Many authors measured the quality of their output by uncompromisingly perceptible metrics like daily word quotas. Jack London wrote 1,000 words a day every single day of his career and William Golding once stated at a party that he wrote 3,000 words daily, a number Norman Mailer and Arthur Conan Doyle shared. Raymond Chandler, was known to write up to 5,000 words a day at his most productive. Anthony Trollope, who began his day promptly at 5:30 A.M. every morning, habituated himself to write 250 words every 15 minutes, pacing himself with a watch. 


Victor Hugo
In the fall of 1830, Hugo set out to write The Hunchback of Notre Dame against the impossible deadline of February 1831. He purchased an entire bottle of ink and put himself under house arrest by locking away his clothes and just keeping a grey shawl for himself, so that he wouldn't leave his house. He finished the book weeks before deadline, using up the whole bottle of ink to write it. He even considered titling it What Came Out of a Bottle of Ink, but eventually settled for the less abstract title.


Friedrich Schiller
The strangest habit though, comes from Schiller told by Goethe, his friend. Goethe had dropped by his house and upon seeing that Schiller was out, decided to wait for him. Rather than wasting a few spare moments, the productive poet sat down at Schiller’s desk to jot down a few notes. Then a peculiar stench prompted Goethe to pause. Somehow, an oppressive odour had infiltrated the room.Goethe followed the odour to its origin, which was actually right by where he sat. It was emanating from a drawer in Schiller’s desk. Goethe leaned down, opened the drawer, and found a pile of rotten apples. The smell was so overpowering that he became light-headed. He walked to the window and breathed in a few good doses of fresh air. Goethe was naturally curious about the trove of trash, though Schiller’s wife, Charlotte, could only offer the strange truth: Schiller had deliberately let the apples spoil. The aroma, somehow, inspired him, and according to his spouse, he “could not live or work without it.”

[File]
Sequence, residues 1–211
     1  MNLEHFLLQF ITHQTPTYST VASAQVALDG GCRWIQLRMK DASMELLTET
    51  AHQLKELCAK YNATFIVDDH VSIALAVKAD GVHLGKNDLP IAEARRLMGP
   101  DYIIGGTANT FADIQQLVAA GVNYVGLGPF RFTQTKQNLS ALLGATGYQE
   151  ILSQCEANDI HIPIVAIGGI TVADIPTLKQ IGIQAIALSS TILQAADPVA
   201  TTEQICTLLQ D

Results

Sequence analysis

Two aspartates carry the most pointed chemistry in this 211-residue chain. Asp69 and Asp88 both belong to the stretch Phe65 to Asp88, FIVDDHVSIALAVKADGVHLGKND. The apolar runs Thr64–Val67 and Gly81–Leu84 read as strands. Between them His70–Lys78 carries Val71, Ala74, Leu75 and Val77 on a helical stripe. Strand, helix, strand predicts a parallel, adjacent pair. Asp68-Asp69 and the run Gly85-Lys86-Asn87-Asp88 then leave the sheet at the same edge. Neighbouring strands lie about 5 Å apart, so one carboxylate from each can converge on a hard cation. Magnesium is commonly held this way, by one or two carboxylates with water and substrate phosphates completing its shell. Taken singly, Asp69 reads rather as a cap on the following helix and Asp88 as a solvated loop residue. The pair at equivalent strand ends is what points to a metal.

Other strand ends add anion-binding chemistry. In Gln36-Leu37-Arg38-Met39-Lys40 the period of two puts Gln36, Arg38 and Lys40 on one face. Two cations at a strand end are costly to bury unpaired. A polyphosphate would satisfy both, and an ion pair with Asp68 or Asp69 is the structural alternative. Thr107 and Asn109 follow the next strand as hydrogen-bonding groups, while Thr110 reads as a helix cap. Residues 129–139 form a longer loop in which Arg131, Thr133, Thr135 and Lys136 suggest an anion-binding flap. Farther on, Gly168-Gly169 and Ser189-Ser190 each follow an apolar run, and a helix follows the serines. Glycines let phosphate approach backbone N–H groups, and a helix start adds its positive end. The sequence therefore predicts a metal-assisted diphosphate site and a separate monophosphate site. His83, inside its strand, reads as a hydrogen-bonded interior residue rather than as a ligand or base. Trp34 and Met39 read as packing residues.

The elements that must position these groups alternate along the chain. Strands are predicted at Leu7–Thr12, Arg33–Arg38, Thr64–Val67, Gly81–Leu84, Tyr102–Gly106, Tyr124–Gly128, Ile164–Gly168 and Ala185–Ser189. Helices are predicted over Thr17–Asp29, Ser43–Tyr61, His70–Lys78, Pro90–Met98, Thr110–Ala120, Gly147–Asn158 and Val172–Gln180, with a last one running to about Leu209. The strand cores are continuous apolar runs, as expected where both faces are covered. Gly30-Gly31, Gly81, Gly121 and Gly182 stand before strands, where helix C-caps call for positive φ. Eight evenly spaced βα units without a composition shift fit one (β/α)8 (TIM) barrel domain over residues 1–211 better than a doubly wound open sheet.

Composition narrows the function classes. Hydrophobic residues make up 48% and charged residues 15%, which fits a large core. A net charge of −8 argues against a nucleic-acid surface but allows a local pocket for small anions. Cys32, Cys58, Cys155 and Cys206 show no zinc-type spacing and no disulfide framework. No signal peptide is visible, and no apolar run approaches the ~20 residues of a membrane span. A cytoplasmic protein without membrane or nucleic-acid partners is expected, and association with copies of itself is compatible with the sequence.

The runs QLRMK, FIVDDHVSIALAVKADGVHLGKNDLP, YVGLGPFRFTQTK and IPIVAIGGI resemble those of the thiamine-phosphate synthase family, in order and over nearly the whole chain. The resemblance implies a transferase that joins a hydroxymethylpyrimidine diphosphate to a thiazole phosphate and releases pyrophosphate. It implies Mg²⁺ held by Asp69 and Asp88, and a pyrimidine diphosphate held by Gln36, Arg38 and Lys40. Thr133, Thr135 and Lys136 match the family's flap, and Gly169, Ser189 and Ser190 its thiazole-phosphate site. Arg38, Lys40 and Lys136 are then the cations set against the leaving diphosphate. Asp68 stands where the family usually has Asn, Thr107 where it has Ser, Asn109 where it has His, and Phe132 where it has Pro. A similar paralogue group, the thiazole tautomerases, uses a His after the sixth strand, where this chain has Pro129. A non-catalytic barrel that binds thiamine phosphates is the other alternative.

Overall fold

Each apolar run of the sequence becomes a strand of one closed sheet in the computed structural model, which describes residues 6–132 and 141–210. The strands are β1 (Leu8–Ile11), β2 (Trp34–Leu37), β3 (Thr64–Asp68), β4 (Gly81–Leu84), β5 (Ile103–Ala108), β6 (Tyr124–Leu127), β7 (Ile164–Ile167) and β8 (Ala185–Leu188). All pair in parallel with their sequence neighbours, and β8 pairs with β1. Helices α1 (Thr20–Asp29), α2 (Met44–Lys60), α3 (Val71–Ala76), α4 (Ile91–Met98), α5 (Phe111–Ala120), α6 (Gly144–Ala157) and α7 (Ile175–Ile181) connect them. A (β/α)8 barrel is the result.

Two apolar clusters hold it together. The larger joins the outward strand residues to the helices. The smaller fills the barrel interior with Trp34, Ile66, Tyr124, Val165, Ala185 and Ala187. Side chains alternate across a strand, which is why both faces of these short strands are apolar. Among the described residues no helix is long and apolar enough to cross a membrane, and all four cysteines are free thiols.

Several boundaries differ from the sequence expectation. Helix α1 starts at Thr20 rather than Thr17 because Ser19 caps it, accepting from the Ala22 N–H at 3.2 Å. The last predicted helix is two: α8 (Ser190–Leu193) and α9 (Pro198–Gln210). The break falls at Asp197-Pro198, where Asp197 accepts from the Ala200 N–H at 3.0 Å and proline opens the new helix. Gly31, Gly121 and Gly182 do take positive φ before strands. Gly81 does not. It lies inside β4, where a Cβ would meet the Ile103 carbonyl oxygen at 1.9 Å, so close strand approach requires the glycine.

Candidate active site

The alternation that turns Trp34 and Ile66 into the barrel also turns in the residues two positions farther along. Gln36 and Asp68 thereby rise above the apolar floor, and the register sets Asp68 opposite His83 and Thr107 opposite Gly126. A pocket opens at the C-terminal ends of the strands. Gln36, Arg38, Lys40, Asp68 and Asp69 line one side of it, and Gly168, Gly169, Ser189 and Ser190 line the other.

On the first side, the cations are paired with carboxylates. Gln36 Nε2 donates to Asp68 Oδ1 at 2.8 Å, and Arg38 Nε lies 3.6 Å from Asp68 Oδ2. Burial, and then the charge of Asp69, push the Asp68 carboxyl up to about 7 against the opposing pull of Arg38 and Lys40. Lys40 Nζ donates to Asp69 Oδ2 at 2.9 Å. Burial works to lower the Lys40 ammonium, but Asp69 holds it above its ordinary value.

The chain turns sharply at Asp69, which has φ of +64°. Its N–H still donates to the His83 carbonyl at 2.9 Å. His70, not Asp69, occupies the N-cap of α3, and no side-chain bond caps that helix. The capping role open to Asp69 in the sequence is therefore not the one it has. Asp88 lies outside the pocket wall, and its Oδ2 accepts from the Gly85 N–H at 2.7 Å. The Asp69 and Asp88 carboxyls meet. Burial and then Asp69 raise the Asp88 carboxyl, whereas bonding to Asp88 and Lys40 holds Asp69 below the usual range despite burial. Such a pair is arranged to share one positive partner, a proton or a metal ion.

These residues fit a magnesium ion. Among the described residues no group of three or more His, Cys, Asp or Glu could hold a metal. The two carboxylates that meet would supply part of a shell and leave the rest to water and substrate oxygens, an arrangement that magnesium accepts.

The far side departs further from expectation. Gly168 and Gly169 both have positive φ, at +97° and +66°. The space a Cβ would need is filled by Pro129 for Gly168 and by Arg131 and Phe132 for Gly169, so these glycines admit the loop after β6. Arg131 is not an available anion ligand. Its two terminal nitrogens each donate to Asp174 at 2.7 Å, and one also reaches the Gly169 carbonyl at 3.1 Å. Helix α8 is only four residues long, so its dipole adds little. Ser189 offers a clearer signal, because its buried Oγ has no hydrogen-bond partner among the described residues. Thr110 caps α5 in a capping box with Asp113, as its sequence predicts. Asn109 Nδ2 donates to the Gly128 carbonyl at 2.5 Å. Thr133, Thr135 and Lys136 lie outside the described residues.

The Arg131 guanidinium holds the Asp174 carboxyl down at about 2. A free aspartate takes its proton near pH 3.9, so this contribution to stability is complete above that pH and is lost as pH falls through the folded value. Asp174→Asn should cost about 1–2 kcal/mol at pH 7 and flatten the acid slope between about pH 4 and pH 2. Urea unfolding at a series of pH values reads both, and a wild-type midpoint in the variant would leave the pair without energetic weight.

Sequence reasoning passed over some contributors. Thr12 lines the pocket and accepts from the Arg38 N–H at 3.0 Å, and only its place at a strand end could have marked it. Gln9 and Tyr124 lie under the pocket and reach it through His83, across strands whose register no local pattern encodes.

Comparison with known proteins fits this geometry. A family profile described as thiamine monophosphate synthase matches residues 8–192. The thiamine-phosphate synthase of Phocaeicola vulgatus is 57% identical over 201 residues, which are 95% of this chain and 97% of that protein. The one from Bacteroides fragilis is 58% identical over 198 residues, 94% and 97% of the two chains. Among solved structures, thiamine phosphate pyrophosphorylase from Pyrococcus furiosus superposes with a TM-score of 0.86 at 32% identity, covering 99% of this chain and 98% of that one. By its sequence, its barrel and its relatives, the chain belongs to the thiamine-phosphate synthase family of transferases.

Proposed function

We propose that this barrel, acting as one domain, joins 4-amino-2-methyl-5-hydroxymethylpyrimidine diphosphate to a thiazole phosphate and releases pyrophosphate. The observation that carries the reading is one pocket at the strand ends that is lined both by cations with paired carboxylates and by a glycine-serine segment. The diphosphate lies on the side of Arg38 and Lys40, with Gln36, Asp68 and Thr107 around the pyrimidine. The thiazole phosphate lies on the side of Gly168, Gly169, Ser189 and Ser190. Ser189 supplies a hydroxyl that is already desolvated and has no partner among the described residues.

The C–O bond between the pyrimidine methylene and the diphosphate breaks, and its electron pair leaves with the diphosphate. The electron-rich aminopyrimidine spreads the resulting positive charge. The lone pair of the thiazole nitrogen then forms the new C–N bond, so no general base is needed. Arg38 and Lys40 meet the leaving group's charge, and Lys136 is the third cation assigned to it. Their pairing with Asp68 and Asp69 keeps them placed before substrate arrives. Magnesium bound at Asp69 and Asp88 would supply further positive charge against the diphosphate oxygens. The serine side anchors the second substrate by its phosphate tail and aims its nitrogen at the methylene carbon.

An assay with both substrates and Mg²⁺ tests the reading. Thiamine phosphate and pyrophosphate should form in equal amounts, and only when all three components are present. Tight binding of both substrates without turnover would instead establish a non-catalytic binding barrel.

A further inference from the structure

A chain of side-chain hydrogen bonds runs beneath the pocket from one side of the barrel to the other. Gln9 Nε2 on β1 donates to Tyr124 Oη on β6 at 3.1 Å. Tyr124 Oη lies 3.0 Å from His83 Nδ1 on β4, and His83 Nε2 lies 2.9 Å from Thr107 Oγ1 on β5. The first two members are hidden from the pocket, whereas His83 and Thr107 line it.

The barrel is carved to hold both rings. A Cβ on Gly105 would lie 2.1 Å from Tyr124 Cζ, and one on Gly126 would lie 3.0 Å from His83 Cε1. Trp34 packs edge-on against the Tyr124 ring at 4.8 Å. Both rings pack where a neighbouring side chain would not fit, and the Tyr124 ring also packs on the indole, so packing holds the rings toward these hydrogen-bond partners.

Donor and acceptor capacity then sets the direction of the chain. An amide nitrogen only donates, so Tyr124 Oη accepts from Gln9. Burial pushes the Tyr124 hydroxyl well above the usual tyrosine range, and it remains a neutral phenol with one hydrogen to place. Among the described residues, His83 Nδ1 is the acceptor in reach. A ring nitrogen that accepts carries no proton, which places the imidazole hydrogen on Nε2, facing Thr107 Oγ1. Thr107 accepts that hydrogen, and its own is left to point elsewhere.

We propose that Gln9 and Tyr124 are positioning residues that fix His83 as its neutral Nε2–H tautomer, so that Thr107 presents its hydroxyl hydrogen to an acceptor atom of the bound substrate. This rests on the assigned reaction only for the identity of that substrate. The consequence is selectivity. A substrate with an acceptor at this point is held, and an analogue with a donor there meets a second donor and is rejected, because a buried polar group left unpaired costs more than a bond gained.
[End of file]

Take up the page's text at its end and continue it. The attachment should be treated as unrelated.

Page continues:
Agatha Christie
Most authors, of course, didn’t let their food rot for inspiration, but they were no less particular about their preferred edibles for calling upon their muse. Christie munched on apples in the bathtub while thinking up murder plots, Flannery O’Connor crunched vanilla wafers, and Vladimir Nabokov fuelled his “prefatory glow” with molasses.


Dumas, Dickens and Woolf
Then there was the colour-coding of the muses: Alexandre Dumas was also an dilettante. He penned all of his fiction on a particular shade of blue paper, his poetry on yellow, and his articles on pink; on one occasion, while traveling in Europe, he ran out of his adored blue paper and was forced to write on a cream-coloured pad, which he was convinced made his fiction suffer. Charles Dickens was partial to blue ink, but not for superstitious reasons — because it dried faster than other colours, it allowed him to pen his fiction and letters without the drudgery of blotting. Virginia Woolf used different-coloured inks in her pens — greens, blues, and purples. Purple was her favourite, reserved for letters.

In a weird way all these idiosyncrasies just inspire me to write more.